Maybe I need to lay low for some time to hibernate. Isn’t that what winter is all about – take stock, rest, and get ready before spring sets in. Maybe I need to focus on just being. I have decided to continue my walks, do yoga, meditate, exercise – anything to keep going, and I hope this feeling of despondency will pass. Nature has always been my saviour. Maybe it’s time to take a lesson from the greatest teacher and slow down – not stop, but slow down and reassess life, focus on things and relationships that matter and let go of all that only burdens the soul. My baggage is far lighter now than it was four years ago – I have lost people I love, and some I’ve let go of because carrying them along did not serve any purpose except create an unnecessary, fake commitment. There is still a lot of unnecessary baggage I carry in the form of expectations from those who have never been there for me. My children say it must be some karmic connection or why else would someone like me not be able to see right through. Maybe they’re right. These days there’s a lot I learn from the children and yet, sometimes, all the wisdom in the world is not enough for the heart to accept.
It’s 7.00 a.m. now. A few children have come to the park. It’s Friday — the first day of the weekend here. The children are playing in the play area – the sound of laughter fills the air and mingles the chirping of birds. Not so long ago, we, too, made it a point to take the children to the park and watch them play. We ensured it despite our busy schedules and with no external help to raise the kids. That was the interim period when they were little, and mom had just passed; before dad arranged for a nanny for the kids. It was always ‘dad to the rescue.’ Perhaps, that is the gnawing emptiness I feel. Especially at this time of the year – because it is when he breathed his last. I miss them very much. I’m flooded with guilt. I need to stop thinking as a daughter – that part of my life is over. I need to be the mother my mother was – be there for the children when they call and pray they become independent and find their path. That is my purpose – to pray. For who else can pray for a child as much and as generously as a mother. I told my younger one this a few months ago when she was having her exams. I said, ‘that’s an orphan’s biggest loss- not having someone who will pray for them selflessly.’ The other day when we visited the temple and we took nine rounds around the Navagraha, she said, she’s been dedicating one round to orphans the world over. ‘For someone has to pray for them too,’ she said. I was surprised. And I realized I still had it in me to mould two beautiful minds. That was and is my purpose.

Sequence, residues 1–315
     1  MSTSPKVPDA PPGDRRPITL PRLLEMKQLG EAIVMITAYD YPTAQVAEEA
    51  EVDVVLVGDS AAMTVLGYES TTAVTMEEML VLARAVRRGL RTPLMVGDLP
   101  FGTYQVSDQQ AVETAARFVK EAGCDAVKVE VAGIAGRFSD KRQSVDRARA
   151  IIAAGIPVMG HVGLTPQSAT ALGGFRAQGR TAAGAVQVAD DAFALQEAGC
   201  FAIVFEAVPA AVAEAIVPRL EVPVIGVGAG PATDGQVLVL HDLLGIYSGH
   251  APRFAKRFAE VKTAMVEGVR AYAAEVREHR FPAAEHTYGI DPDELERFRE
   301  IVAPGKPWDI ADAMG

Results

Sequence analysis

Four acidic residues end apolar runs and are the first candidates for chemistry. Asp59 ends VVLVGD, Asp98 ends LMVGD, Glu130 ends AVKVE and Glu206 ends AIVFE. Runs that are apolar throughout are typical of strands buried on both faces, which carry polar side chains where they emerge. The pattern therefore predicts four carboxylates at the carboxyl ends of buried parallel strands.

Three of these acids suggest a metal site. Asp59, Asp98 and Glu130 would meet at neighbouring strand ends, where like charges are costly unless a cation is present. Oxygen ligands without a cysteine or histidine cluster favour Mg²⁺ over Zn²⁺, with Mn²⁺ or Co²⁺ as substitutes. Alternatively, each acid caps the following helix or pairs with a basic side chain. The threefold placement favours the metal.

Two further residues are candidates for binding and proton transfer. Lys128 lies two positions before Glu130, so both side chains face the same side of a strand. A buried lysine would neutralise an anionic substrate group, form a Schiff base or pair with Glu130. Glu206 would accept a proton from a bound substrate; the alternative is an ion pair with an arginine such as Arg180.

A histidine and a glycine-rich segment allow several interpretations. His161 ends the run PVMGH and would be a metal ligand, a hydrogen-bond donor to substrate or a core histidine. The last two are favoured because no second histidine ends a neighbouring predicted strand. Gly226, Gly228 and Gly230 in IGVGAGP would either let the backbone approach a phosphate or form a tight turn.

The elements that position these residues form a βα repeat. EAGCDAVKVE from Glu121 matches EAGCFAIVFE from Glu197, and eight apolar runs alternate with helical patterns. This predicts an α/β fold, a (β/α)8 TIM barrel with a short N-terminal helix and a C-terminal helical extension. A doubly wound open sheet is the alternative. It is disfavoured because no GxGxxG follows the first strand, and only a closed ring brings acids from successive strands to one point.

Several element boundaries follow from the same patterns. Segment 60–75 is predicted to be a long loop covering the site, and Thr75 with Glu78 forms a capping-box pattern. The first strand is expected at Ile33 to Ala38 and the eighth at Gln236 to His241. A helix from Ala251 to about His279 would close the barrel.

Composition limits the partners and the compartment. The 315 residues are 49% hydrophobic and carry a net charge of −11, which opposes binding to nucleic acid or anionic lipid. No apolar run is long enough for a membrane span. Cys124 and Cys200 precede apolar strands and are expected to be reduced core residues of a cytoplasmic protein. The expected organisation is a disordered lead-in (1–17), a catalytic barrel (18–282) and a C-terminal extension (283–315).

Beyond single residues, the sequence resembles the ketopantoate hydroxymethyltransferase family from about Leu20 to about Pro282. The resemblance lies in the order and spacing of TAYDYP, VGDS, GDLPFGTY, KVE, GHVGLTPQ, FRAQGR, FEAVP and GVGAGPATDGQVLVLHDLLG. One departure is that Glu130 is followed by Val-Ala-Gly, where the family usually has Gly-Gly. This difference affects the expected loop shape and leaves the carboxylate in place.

On the basketball court, girls are playing in one half of the court and boys in the other half. A small man in a sky blue t-shirt, white beard, ankle-length pants, and a skull cap passes me. His steps are small and constant. It’s faster than a walk but too slow to be called a jog. He reminds me of the tortoise in the ‘Hare and the Tortoise’ story we read as children. I’m inspired to break into a slow jog. There’s a banner in the park on some reading happening. They’ve put colorful crepe paper up as decoration. It excites me. The words, ‘stories’, ‘reading’ and ‘park’ sounds magical. It’s nice to feel like this way again.